ETERNAL DARKNESS: SANITY'S REQUIEMReviewed By: Patrick Molly
VOLUNTEER GUEST REVIEWER
The game's plot spans thousands of years, from the time of the great Roman Empire to the Middle Ages all the way to modern day. Your mission in the game is to stop an evil force from dominating the Earth. This evil, known as the Ancients, has been in hiding for tens of thousands of years, waiting and watching for the right time for their return to power of Earth. For, you see, the Ancients were the dominant species long before we humans were and now they want their world back.
The games' most interesting and original feature is the sanity meter. Just like a health meter, this little do-hicky decreases any time you encounter an enemy, because, since they are so horrific and gruesome, your fragile human mind has trouble comprehending their existence. When your meter gets too low, strange things will happen. You will hear unnatural sounds eminating from something that isn't there and walk into rooms and find yourself standing on the ceiling! You will even see blood run from the walls, statues move, and your own character explode for no apparent reason (this can be a little gory). While the insanity effects aren't really scary, they are inventive and very fun to watch.
From a Christian standpoint, there is a lot to find offensive in this game. First off, the game has and tells of humanity's existence without telling of God or Satan, but rather by creating a race known as the Ancients which somewhat takes the place of Satan. Besides creating an alternate take on religion, the game is quite violent, with blood spewing all over after each sword thrust or gun blast. In the game's defense though, all the violence is toward the Ancients, an evil zombie looking race. So none of the violence is directed at fellow humans. Also, the game has many subtle occult references, which are strewn throughout the entire game. One corrupted monk even practices an evil religion in secret. The spell casting can also presents another offensive concept in the game, although none of the spells are really that bad. If you want to get picky, one female character wears some skimpy clothes, which don't cover much of her legs, but besides that, there is little in this game in the form of sexuality or adult content. Overall, the whole game has a very evil and foreboding tone to it, which might offend some Christians.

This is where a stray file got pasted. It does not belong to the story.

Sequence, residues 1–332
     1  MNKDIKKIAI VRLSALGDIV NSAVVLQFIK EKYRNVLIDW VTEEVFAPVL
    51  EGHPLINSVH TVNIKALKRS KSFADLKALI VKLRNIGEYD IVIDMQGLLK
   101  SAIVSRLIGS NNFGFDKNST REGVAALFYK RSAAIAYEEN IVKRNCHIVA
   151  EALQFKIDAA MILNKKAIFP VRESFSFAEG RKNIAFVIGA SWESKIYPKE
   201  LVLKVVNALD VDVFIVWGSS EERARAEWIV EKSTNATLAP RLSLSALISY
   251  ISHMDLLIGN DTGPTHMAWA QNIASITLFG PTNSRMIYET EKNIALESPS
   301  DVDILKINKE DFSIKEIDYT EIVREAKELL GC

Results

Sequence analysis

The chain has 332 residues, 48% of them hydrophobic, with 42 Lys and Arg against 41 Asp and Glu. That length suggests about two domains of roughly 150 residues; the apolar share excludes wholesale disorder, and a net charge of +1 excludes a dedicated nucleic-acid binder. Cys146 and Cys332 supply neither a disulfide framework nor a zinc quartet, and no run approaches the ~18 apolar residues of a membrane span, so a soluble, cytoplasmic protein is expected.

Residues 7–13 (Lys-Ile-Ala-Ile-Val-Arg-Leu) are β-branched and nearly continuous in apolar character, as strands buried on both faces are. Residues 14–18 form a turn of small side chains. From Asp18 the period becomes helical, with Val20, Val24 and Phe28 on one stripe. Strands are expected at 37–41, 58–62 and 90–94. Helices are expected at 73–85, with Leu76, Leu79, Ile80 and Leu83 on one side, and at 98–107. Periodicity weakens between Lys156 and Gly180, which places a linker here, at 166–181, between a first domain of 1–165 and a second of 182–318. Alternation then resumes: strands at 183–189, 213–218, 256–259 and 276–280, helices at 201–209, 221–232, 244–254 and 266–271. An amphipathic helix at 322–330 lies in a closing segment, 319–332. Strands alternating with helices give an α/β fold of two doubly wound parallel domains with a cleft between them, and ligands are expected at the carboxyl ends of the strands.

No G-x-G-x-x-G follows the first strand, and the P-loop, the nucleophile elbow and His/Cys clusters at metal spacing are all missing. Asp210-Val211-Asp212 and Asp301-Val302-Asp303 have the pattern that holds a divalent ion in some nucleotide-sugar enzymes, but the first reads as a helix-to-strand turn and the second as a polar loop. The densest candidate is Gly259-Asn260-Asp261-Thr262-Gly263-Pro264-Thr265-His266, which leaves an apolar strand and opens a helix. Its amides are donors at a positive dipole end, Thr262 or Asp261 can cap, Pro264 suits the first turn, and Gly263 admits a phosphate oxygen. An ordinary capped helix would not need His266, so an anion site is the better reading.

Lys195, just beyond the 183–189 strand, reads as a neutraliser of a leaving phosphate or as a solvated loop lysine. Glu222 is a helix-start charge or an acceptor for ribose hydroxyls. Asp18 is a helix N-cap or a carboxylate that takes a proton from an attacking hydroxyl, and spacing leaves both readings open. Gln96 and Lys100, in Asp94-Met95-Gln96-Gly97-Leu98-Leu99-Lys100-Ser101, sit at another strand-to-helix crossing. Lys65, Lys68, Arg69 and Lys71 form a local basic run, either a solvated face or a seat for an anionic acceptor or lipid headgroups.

The most commendable element of the whole game is that, while it is laden with the occult, all of the characters you play as try to combat evil and are basically on the side of good. The extreme evil in the game only adds contrast to the great sacrifices and risks the good guys take. Little else is commendable in the game besides heightening your sense of sound and improving your reflexes.
In conclusion, this game is one that could be considered very offensive to some Christians and not so much to others. While the game does have many references to the occult and a fair share of violence, I want to point out that this does not make it a bad game. It is a video game and nothing but a simple, made up fantasy. I feel that to truly enjoy any video game, you must be able to separate fantasy from reality, especially for your kids. Even so, it is a truly wonderful and creepy game with a great storyline and engrossing plot. I think that this game should not be missed by any true gamer that is at least 15 and can handle a little scary atmosphere
Year of Release—2002
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